I began ascending the stairs again — half running, half jogging — with Kamiya’s rice ball in my hand. It would make for a good treat to munch on at the top, I thought to myself. 

I had ran the circular route up and down the mountain at least 1000 times in my years at Kyoto University. I took the steps one at a time, focusing on my feet and where I was placing them. Kamiya had spooked me a bit with his worrying.

The crows were louder than ever.

“After this, just two more laps,” I thought. “After this just two more laps.”

The squawking was becoming a cacophony. I felt my arm hairs stand on end. What was wrong with these wretched little birds?

But just as my head poked up above the level of the top-most step, a dull emptiness fell over the entire park. All at once, the birds were in total silence.

I crested the top and, exhausted, I stepped past the single lit lantern hanging on the outside of the park service hut — the only artificial light in the entire park — and walked onto the flat viewing area at the top of the mountain.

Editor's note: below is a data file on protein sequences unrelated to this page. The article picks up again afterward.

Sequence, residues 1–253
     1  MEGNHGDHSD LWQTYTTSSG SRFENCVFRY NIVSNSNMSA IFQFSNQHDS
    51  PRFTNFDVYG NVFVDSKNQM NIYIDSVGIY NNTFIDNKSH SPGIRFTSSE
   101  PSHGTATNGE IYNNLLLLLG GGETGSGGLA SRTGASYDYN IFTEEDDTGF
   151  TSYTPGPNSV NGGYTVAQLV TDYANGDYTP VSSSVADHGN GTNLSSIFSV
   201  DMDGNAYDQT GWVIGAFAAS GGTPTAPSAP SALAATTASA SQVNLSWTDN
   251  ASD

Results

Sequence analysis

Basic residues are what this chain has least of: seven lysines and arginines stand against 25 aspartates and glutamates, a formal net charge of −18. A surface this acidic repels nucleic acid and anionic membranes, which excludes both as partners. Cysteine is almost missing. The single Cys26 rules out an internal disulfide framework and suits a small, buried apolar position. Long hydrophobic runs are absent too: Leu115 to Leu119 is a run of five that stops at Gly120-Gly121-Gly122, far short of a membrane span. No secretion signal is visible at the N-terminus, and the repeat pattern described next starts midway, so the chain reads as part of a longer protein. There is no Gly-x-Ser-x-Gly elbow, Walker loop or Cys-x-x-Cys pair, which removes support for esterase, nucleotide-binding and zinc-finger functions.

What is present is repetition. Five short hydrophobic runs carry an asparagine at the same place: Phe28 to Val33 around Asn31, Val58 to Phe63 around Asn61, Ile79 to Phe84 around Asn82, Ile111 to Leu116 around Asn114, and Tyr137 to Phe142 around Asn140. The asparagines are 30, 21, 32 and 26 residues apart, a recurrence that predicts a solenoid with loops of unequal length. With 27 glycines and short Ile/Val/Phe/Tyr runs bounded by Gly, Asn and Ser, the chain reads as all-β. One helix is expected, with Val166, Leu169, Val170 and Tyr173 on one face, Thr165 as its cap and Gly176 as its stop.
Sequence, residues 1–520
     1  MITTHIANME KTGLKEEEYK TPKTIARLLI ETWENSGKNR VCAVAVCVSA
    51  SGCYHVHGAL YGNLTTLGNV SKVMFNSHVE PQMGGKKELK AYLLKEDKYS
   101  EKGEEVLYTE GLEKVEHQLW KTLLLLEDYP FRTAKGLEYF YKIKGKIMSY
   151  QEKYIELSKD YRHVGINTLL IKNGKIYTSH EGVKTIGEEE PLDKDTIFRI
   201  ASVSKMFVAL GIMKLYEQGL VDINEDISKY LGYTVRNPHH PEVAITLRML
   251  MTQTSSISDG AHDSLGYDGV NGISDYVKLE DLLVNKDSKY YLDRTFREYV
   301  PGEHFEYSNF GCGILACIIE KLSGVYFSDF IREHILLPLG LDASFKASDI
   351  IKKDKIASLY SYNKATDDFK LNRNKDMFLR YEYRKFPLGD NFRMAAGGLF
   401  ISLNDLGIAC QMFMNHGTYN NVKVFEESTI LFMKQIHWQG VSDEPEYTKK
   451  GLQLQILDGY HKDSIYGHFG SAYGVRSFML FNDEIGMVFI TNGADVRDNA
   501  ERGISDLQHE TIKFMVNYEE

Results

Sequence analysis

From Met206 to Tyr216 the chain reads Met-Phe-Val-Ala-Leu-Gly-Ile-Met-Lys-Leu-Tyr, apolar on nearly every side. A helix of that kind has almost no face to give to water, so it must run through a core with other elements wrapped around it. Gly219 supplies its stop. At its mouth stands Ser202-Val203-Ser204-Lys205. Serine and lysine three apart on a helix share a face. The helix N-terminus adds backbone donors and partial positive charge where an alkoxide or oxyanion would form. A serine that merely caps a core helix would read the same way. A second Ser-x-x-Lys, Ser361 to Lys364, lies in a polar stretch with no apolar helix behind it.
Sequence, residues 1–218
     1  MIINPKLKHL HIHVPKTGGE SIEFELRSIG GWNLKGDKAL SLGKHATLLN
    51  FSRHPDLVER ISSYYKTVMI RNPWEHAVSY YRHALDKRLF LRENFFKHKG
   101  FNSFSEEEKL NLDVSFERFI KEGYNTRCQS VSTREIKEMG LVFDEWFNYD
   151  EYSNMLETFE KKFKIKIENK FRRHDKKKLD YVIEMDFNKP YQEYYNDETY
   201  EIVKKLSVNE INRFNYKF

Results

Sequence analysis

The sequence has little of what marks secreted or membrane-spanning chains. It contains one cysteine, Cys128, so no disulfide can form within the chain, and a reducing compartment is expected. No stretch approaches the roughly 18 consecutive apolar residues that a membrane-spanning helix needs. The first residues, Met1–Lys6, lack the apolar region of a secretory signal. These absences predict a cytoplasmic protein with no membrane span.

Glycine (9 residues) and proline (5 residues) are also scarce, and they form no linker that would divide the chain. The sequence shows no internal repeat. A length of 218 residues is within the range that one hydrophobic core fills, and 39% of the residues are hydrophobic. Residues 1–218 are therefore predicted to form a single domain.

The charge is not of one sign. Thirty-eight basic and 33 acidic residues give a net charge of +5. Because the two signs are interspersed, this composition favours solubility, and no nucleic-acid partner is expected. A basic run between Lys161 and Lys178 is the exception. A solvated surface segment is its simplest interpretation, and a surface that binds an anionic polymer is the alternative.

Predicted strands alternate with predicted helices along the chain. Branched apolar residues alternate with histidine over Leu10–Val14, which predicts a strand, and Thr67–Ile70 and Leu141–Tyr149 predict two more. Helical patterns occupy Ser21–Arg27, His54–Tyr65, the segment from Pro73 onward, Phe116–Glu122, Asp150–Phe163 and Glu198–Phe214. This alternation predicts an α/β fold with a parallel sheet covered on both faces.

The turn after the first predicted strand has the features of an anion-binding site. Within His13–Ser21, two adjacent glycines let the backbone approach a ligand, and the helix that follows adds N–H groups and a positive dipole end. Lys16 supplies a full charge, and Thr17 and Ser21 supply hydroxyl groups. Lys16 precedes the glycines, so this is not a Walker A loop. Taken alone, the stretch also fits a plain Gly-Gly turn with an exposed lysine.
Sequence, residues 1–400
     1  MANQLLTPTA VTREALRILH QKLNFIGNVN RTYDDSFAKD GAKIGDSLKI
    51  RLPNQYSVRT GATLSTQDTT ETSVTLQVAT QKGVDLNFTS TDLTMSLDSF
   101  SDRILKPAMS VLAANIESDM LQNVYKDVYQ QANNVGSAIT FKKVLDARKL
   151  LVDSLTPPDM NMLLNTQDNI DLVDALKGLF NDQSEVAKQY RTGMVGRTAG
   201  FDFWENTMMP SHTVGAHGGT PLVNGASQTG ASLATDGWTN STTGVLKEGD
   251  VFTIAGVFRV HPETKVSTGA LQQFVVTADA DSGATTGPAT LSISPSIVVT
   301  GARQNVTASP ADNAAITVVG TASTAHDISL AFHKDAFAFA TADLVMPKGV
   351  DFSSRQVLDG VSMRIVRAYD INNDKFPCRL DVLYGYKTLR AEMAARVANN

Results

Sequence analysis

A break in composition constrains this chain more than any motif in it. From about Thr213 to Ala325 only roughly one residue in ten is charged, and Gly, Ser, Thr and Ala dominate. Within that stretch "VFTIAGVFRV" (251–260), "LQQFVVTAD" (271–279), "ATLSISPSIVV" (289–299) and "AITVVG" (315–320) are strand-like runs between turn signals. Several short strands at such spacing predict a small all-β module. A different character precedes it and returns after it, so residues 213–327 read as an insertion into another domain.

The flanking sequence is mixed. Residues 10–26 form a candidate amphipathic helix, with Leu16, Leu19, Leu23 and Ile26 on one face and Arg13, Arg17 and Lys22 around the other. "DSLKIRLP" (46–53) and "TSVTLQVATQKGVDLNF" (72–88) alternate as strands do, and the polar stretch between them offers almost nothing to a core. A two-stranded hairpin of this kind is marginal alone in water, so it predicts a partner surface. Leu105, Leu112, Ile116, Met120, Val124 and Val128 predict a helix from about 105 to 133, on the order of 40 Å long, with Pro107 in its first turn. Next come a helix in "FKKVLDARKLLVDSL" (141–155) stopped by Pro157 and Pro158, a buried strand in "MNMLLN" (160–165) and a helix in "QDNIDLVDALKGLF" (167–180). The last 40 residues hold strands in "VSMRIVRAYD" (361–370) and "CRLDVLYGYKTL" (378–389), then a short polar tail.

In front of me was the namesake of the park, Emperor Meiji’s tomb. Behind me sprawled a view of the sweeping and fluorescent Kyoto landscape after dark.

After a minute of recuperation, I straightened up. I looked at the riceball clutched in my sweaty hand. In my panic, I had squeezed it to mush in my clenched fist. Remembering Kamiya’s kindness, I felt a twinge of sadness. I unwrapped the mangled pile of rice and began to nibble on it as I walked about.

Meiji’s tomb was massive, though it was kept far away from the public area where I stood. 

A wooden fence ran across the top of the mountain keeping visitors at a distance.

In the center was the grave of Emperor Meiji — a gigantic domed mausoleum of grey and brown. It was too dark and dull to make out with any detail at this time of night.

The ‘path’ from the viewing area to the dome — which was blocked off from public entrance at all times — consisted of a series of flat stones stretching through fields of sand raked into perfect geometric lines. It occurred to me that in all my visits to the park, at every conceivable time of day, I had never seen a single groundskeeper or holy man rake that sand.

One giant torii gate sat nearby, just behind the outermost wooden divider — about ten feet too far for me to reach out and touch. It, too, was decrepit and grey. Its wooden structure had been beaten by centuries of harsh weather.

A single crow was perched on it, but didn’t make a sound.

“Where are all your noisy friends?” I asked the bird. 

There wasn’t another one to be seen — not in the air and not in the trees. The singular crow sat like a guardian statue on top of the gate.